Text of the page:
"The guy is not a kid and [Ms. Palin] could be the next president of the United States?" Mr. Ferguson said. "I have a problem with that. I'm a lifelong Republican, and I'd rather have Joe Biden as vice president. To a certain extent. Barack Obama picked what is best for the country as opposed to what would get him more votes."

Tom Messner, a partner at Messner Euro RSCG and another Madison Avenue exec who has worked in GOP presidential campaigns, said he has been surprised the McCain campaign didn't make more of Mr. Obama's decision to not take federal financing -- an issue Mr. McCain did mention during the final presidential debate.

"It has surprised me that McCain has not [pushed that issue] given it is the first time in history somebody actually broke a promise before he was elected," said Mr. Messner, who once talked to the McCain campaign about helping in advertising.

He said the Obama campaign has an advantage in that it represents something new.

"In advertising, the new always takes precedence over the old ... whether it's cars or detergents or candidates. Thus no matter what McCain says and does, he is the old and Obama is the new. New Tide. New Clairol. Pontiac, all new for 2008."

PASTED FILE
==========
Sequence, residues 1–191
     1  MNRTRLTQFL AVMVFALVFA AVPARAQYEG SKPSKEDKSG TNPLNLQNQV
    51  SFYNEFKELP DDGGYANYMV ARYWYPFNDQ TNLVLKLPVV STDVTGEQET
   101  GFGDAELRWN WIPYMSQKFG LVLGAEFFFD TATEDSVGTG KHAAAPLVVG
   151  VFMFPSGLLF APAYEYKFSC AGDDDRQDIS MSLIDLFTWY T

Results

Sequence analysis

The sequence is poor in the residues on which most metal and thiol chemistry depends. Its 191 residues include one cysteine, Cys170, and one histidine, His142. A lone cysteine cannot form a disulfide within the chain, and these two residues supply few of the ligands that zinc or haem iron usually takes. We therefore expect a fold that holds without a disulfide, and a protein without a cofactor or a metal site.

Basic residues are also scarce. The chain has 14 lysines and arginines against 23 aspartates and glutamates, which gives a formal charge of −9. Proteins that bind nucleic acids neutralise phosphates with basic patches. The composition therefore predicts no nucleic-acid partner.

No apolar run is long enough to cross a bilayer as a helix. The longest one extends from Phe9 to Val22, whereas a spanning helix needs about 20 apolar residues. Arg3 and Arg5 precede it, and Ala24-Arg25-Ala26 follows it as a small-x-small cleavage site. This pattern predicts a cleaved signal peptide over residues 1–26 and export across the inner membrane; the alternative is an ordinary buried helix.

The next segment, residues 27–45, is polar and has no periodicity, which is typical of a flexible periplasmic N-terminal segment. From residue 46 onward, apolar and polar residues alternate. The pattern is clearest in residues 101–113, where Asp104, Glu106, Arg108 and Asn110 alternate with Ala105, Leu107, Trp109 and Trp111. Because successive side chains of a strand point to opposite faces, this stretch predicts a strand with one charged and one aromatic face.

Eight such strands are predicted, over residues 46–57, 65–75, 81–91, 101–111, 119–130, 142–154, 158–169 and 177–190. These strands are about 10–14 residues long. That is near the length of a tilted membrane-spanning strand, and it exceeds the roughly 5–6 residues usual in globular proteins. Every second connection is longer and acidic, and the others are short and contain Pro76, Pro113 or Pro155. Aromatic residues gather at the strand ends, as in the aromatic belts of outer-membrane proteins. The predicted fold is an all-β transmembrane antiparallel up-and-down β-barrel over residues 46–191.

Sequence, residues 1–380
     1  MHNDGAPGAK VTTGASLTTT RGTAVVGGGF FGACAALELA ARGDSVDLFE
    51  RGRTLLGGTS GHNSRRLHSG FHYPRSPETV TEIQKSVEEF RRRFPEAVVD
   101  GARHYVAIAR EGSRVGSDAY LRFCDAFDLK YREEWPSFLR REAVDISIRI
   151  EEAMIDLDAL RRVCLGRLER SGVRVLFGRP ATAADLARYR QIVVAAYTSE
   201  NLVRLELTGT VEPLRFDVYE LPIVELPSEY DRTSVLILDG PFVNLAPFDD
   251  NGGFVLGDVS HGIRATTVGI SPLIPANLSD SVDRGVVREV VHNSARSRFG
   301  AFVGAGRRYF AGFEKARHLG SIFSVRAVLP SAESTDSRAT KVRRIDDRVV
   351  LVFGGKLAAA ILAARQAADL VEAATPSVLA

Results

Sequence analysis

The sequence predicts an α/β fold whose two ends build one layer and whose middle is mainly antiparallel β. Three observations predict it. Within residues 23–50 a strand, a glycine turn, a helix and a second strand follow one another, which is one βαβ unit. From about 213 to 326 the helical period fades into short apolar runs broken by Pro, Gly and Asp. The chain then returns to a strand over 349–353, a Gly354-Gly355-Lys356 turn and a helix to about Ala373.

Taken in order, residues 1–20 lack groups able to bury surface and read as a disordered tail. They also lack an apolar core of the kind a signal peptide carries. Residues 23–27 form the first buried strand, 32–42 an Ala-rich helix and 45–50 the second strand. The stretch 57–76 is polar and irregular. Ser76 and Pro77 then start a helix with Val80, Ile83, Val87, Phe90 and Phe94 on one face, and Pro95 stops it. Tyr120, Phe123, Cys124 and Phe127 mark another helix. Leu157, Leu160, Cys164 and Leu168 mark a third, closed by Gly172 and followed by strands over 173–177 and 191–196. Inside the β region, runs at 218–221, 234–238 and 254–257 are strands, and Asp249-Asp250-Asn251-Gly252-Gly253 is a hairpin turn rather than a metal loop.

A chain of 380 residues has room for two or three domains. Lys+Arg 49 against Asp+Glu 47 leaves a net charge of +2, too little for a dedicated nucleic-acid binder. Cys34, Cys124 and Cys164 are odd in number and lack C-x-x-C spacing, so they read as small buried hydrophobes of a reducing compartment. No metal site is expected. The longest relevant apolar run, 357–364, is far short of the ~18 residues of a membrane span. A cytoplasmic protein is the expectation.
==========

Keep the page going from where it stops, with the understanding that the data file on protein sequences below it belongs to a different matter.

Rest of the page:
Mr. Messner continued: "If McCain wants to do advertising between now and election day that has a chance of success -- he must show and demonstrate the differences between him and Obama, clearly and dispassionately. Otherwise all he is doing day in and day out is showing the old versus the new to his disadvantage, as always.

John Feehery, a GOP consultant in Washington, also questioned the McCain campaign's ads.

It's the economy, stupid
The celebrity ad that compared Mr. Obama to Paris Hilton and Brittney Spears was one of the few effective ads run by the campaign, he said. "It drove the news coverage." But aside from that and very few other spots, "he hasn't connected to peoples' bigger concerns about the economy. I just don't believe they have been effective on points. They are down 20 points on the issue of taxes. That should be a Republican issue." He also called the current crop of attack ads "not relevant. It's not having an impact on the target audience."

A veteran GOP strategist, who asked his name not be used, was far more critical of the advertising. He said the celebrity ad focus during the summer may have generated news and attention, but it left the campaign ill equipped for the fall. "If they had just spent the summer talking about the economy instead of Paris Hilton," he said.